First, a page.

When I told my medical practice partners I was going to leave the practice to go to AiG, many of them said things like, “I can’t believe you’re doing this! This is silly! Can’t I talk you out of this? Don’t you know you’re giving up being a physician to go out and teach this fairy tale?” And in the midst of this discussion, I would generally say, “I get that you’re an evolutionist, but tell me how evolution helped you in the last week. Give me any decision you made in this hospital that required you to accept evolution.” I never got an answer, not once.
Tommy suddenly switches from medicine to geology:
Now, as a scientist, everything I see in the world is consistent with God’s Word. I can look at those rock layers at the Grand Canyon and see evidence of the Flood. It’s totally consistent with what God’s Word tells me.
Uh huh. That’s why mining companies and oil companies are always trying to hire creationists to help them search for gold and oil using biblical information about the Flood. Here’s one final excerpt from Tommy:
Now, you can build another story around that, but is that story internally consistent? Starting with God’s Word, I don’t have to explain away any inconsistencies. Everything I see, whether it’s the complexity of the nervous system or how the body works, the more I understand that there’s just no way it could be an accident. So when I read in God’s Word “let us make man in our image,” I get it. What I see is totally consistent with what God’s Word tells me.
Then Hambo comes back. His last sentence (before he starts hawking his books) is a good one:
Evolution is a belief system — a religion — and it has nothing to do with observational science and technology!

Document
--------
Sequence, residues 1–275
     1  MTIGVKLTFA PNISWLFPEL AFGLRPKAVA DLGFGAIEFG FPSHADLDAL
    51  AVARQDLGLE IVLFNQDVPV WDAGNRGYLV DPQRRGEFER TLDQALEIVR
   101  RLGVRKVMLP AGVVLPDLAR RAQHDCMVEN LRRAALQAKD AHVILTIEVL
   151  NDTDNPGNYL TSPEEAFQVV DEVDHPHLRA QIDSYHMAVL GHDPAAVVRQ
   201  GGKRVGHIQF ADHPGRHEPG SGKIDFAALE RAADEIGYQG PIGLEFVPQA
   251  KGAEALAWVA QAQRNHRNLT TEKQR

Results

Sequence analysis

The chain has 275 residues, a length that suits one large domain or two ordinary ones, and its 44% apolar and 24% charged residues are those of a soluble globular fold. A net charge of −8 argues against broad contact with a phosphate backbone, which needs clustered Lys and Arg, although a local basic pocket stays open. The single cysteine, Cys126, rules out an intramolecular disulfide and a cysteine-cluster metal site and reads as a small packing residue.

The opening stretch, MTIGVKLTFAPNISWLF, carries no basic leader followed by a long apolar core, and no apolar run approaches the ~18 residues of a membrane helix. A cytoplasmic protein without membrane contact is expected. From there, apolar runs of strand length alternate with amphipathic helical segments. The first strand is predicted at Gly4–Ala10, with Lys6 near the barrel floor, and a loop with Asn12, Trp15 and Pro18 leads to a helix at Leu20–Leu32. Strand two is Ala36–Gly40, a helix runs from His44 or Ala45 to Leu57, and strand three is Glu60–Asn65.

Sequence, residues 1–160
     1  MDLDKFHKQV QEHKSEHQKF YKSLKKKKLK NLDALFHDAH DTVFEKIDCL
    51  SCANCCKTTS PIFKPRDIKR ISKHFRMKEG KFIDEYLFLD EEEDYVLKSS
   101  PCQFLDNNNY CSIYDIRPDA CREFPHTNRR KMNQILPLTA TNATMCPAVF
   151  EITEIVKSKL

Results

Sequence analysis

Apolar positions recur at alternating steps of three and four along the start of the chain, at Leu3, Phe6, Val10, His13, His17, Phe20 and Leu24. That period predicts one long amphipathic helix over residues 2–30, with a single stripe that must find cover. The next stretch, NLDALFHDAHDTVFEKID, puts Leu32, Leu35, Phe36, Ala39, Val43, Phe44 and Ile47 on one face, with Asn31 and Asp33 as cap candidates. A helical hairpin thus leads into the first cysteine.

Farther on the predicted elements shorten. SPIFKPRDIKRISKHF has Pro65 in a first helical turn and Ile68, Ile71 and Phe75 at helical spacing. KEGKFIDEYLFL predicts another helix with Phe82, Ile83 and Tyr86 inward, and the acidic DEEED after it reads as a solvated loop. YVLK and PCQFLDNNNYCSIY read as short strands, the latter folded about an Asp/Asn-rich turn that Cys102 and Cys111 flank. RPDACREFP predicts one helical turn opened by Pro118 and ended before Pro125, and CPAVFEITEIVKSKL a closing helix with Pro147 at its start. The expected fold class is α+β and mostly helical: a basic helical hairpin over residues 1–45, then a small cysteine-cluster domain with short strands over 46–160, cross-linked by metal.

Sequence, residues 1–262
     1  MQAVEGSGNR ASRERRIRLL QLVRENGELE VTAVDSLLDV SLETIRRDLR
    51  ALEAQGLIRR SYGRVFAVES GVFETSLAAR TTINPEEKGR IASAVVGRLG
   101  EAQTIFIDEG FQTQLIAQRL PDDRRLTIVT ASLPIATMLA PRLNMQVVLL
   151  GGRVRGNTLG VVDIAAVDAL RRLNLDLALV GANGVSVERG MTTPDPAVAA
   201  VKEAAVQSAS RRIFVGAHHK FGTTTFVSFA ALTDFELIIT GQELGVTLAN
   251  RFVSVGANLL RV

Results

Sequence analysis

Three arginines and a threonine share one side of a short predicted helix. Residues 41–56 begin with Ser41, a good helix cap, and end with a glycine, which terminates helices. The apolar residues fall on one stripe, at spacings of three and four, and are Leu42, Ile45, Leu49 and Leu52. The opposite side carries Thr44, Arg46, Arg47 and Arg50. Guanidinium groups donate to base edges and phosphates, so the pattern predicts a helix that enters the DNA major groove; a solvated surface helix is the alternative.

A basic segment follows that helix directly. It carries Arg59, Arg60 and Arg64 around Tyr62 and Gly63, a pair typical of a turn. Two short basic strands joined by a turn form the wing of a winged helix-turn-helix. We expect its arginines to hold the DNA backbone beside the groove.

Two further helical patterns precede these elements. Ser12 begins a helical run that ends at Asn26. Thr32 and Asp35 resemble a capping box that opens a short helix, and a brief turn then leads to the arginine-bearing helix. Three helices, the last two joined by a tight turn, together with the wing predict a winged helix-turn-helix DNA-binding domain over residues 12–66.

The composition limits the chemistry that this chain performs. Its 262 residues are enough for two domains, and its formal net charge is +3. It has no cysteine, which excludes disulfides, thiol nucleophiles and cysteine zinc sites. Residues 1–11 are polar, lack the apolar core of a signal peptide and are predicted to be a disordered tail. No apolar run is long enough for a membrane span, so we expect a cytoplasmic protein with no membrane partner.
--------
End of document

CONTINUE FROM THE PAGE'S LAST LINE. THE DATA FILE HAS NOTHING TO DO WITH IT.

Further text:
In response to that nonsense, we’ll point out a few things. First, even if it were true that evolution doesn’t produce practical benefits, it doesn’t have to. Other then providing general background knowledge, what are the practical benefits of studying ancient history? Or cosmology? Or plate tectonics? Or paleontology? And where are the practical benefits of astronomy? Other than improved telescopes — used only for astronomy — it’s difficult to think of any. Well, some astronomy is useful for navigation, but most of what we’ve learned in the past few centuries has no practical effect — other than showing the cosmological absurdity of Genesis. Does Hambo think we should shut down all those studies, and burn those useless books?
Second, everyone (except maybe Tommy) understands the benefit of testing our medicine on species closely related to us — like monkeys, or at least rats. But if we weren’t closely related to some animals, and distantly related to others, then why shouldn’t we save money doing research and use only toad tested medicine?
Third, there are examples of evolution’s practical benefits in the TalkOrigins Index to Creationist Claims — see The theory of evolution is useless, without practical application.
And fourth — we saved the best for last — What are the practical benefits of creationism? It’s absolutely useless. It’s worse than useless, because it contradicts astronomy, geology, physics, biology, and every other branch of science that it touches. Evolution, on the other hand, is totally consistent with all other sciences, strongly indicating that it describes the same reality — the one in which we live.